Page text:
New sponsorship program aims to help a woman win the Daytona 500

‘Accelerate Her’ program from Busch Light sponsors seven female drivers

DAYTONA BEACH, Fla. – It’s called The Great American race, one of the most legendary races in the world, and it happens right here in Central Florida — the Daytona 500.

But if you look around on race day, you’ll notice something is missing.

“There are zero women competing at the highest level of NASCAR,” said Krystyn Stowe, head of marketing for Busch Family Brands.

That’s a number she said really needs to change.

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“We would love to see a female driver at the Daytona 500,” Stowe said. “If she wins, I would get goosebumps, that would be the ultimate goal. I would be so excited, jumping with joy.’

That’s why Busch Light recently started a first-of-its kind $10 million dollar sponsorship program for female drivers called “Accelerate Her.” The brand’s goal is to help cultivate women in one of the only sports where they compete head-to-head with men, and to help them succeed at the highest level.

Busch Light 'Accelerate Her' program (Copyright 2022 by WKMG ClickOrlando - All rights reserved.)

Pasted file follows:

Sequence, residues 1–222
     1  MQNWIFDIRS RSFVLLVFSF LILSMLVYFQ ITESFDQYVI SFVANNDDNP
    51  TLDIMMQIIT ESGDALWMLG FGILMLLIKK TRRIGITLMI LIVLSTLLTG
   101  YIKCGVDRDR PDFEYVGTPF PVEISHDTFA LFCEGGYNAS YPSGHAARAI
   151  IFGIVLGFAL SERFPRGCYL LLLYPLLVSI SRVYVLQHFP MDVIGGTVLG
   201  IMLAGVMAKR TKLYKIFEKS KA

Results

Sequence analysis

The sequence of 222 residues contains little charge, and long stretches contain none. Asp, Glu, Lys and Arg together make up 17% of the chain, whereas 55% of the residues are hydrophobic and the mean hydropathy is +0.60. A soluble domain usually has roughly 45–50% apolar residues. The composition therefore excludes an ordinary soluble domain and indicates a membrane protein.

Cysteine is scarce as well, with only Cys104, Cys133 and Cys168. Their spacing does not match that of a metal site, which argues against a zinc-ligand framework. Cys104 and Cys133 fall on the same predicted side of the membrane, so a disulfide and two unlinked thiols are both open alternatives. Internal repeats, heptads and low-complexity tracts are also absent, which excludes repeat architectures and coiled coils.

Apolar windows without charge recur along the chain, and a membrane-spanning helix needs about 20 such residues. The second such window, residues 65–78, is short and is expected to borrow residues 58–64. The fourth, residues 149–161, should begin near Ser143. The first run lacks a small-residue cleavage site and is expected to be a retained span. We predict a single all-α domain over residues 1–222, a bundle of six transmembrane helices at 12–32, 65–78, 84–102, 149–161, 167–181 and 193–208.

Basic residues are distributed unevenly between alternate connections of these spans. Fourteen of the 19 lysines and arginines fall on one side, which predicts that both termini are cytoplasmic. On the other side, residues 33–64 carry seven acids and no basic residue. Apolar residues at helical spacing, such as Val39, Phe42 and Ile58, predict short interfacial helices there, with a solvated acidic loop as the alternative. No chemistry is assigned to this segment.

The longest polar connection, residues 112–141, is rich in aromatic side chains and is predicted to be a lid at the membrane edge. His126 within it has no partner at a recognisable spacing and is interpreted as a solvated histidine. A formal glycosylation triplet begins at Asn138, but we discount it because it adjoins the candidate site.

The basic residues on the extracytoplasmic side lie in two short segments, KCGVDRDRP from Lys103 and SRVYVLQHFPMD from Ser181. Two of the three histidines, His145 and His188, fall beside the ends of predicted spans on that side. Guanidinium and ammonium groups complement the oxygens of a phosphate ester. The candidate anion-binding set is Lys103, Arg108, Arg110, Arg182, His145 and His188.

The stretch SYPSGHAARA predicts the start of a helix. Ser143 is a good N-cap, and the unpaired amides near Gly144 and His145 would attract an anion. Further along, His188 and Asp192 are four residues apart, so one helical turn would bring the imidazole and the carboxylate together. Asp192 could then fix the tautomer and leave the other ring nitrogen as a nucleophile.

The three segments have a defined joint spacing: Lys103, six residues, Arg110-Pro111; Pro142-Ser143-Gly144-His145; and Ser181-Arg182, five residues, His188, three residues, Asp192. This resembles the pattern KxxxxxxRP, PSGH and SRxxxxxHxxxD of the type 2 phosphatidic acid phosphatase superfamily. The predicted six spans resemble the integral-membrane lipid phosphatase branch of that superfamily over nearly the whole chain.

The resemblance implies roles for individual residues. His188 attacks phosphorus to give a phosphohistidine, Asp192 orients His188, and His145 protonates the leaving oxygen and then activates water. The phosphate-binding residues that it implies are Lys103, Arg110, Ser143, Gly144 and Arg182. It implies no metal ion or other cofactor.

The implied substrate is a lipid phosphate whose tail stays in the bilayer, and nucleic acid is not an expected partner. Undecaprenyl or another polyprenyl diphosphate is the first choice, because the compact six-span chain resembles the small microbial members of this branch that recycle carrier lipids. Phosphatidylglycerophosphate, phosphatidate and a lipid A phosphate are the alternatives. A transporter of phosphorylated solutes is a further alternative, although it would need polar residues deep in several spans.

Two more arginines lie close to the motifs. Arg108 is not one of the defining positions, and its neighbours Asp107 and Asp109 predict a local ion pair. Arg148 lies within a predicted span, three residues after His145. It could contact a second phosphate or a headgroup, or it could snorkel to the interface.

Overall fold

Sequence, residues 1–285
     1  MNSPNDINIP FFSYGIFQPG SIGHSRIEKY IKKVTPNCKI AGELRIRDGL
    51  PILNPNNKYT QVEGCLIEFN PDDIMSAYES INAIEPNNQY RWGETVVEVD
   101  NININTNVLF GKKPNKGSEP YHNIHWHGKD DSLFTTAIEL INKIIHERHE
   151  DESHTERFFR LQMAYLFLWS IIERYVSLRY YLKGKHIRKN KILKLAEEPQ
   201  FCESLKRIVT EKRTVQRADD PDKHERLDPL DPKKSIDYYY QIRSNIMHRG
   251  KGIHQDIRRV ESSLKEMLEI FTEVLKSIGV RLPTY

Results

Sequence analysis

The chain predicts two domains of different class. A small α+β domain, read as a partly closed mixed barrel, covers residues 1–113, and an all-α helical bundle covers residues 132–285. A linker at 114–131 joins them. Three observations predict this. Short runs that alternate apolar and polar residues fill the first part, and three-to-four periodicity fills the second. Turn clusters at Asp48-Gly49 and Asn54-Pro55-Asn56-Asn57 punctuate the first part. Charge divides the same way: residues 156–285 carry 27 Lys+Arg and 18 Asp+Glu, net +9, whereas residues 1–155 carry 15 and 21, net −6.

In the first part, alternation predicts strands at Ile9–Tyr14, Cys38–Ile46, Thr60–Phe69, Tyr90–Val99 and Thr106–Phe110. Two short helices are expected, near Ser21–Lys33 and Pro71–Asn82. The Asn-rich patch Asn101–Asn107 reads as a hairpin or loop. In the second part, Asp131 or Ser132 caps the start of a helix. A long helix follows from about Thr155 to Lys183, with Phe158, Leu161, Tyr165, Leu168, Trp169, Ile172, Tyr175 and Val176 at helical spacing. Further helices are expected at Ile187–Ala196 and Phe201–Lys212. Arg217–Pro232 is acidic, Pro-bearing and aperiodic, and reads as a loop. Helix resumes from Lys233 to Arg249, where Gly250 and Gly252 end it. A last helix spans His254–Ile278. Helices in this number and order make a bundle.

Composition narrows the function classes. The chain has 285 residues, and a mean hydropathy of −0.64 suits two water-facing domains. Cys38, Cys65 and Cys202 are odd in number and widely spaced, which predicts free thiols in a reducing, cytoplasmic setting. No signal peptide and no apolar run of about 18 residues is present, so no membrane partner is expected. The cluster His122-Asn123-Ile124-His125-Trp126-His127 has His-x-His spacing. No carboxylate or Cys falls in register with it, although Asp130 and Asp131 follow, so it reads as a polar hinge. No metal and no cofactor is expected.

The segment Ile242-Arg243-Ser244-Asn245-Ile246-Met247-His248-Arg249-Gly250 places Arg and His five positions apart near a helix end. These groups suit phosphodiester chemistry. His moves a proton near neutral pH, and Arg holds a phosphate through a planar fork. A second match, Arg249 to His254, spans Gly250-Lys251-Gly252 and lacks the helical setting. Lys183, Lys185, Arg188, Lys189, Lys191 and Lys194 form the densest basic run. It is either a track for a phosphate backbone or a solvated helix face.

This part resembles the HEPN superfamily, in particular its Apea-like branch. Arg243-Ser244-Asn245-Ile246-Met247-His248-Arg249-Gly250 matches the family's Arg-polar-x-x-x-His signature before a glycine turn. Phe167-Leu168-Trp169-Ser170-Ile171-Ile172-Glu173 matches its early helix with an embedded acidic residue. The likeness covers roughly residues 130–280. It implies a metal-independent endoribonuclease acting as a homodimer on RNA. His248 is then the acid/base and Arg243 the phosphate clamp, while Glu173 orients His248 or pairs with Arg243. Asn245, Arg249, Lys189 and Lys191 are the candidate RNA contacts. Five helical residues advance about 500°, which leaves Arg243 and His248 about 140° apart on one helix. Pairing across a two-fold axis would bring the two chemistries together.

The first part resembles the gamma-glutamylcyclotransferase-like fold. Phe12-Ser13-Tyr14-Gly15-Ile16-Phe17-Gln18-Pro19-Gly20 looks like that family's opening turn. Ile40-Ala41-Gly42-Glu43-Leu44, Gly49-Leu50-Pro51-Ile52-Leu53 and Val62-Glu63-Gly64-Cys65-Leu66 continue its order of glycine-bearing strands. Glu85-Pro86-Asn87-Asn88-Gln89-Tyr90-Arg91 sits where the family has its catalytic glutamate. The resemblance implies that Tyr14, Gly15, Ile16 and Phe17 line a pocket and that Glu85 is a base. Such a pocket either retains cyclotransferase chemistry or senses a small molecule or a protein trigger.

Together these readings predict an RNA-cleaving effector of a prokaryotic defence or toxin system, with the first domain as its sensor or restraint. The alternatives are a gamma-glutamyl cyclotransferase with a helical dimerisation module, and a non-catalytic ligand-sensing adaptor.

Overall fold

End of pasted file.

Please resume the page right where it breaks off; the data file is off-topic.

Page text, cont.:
One of the seven drivers sponsored is Amber Balcaen, who recently raced in the ARCA Menards Series in Daytona, placing 16th out of 36.

“It really is a dream come true, there’s nothing like Daytona,” Balcaen said. “I tested here back in 2014 and for the last eight years, I’ve been trying to find sponsorship to come and race this event.”

Stowe said sponsors are key in getting ahead in the sport because everything a driver needs is so expensive.

“These drivers have to pay for tires, they have to pay for fuel, they have to pay for track time,” said Stowe. “And so unlike a lot of sports, where you just need a ball and a pair of cleats, like they constantly need more items to compete at the highest level.”

Amber Balcaen, earlier in her racing career (Copyright 2022 by WKMG ClickOrlando - All rights reserved.)

“I started racing at 10 years old, and my dad essentially said, ‘You know, if you want to race, you have to pay for everything yourself. And you have to work on the cars yourself,’” Balcaen said. “It’s thousands and thousands of dollars just to practice, so there were years where I had barely any sponsorship, and I only got to race a couple times a year. I didn’t get to practice, so for me to be in a car two-to-three times a year when other people are in the car every single weekend practicing during the week, because they have that financial backing, it really makes you doubt yourself and doubt your ability.”

Stowe said that’s where sponsors come in.

“If you don’t have the sponsors, you’re not going to get the tires, the fuel and the track time. And then even if you’re the best driver out there in the world, you’ll never be able to compete,” Stowe said.

Balcaen said racing has taught her to be a successful businesswoman, too.